How to import multiple members in Scala (wildcard and curly braces syntax)

This is an excerpt from the Scala Cookbook (partially modified for the internet). This is one the shorter recipes, Recipe 7.2, “How to import multiple members in Scala (wildcard and curly braces syntax).”


You want to import one or more members into the scope of your current Scala program.


This is the syntax for importing one Scala class:


You can import multiple classes the Java way:


Or you can import several classes the Scala way:

import{File, IOException, FileNotFoundException}

Use the following syntax to import everything from the package:


The _ character in this example is similar to the * wildcard character in Java.

If the _ character feels unusual at first, it helps to know that it’s used consistently throughout the Scala language as a wildcard character, and that consistency is very nice.


The concept of importing code into the current scope is similar between Java and Scala, but Scala is more flexible. Scala lets you:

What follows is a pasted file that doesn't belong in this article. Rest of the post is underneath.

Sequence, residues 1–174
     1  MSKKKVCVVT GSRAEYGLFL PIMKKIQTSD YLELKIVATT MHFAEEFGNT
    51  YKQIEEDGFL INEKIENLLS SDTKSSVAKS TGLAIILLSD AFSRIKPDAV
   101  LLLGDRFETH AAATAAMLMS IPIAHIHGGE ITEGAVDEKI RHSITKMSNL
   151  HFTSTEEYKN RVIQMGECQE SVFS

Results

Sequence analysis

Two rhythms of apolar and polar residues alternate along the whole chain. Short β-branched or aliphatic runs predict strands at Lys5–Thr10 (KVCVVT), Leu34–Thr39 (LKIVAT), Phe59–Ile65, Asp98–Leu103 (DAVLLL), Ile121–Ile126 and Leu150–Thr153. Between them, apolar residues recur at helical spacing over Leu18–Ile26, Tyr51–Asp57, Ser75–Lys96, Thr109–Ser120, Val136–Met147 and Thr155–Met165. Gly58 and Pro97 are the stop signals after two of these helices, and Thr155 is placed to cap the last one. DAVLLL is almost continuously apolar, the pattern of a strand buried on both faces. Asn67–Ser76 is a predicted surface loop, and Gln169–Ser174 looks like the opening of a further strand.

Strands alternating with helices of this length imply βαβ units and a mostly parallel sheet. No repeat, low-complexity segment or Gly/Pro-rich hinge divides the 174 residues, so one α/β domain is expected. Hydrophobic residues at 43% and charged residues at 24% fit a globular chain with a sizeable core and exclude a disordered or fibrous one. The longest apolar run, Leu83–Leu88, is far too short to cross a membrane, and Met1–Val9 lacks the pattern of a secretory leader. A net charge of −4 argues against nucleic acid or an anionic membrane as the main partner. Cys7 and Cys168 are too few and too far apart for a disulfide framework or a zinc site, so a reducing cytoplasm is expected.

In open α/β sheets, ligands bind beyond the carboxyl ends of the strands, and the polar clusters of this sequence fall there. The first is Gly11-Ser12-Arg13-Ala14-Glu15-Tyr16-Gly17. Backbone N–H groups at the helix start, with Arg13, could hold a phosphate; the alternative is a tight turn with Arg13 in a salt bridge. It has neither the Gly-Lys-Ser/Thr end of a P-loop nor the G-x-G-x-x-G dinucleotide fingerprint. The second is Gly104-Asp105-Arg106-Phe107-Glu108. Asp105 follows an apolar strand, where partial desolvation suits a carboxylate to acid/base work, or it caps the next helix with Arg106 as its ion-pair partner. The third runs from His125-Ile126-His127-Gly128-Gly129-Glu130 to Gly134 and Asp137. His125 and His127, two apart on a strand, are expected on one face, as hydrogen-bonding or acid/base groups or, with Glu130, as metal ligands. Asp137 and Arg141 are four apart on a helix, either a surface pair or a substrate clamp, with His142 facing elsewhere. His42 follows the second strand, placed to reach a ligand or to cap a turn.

• Place import statements anywhere, including the top of a class, within a class or object, within a method, or within a block of code
  • Import classes, packages, or objects
  • Hide and rename members when you import them

Syntactically, the two big differences are the curly brace syntax, known as the import selector clause, and the use of the _ wildcard character instead of Java’s * wildcard. The advantages of the import selector clause are demonstrated further in Recipes 7.3 and 7.4.

Placing import statements anywhere

In Scala you can place an import statement anywhere. For instance, because Scala makes it easy to include multiple classes in the same file, you may want to separate your import statements so the common imports are declared at the top of the file, and the imports specific to each class are within each class specification:

package foo


class Foo {
    import javax.swing.JFrame  // only visible in this class
    // ...

class Bar {
    import scala.util.Random   // only visible in this class
    // ...

You can also place import statements inside methods, functions, or blocks:

class Bar {
    def doBar = {
        import scala.util.Random

See Recipe 7.6, “Using Scala Import Statements Anywhere”, for more examples and details about the use of import statements.

The Scala Cookbook

This tutorial is sponsored by the Scala Cookbook, which I wrote for O’Reilly:

You can find the Scala Cookbook at these locations:

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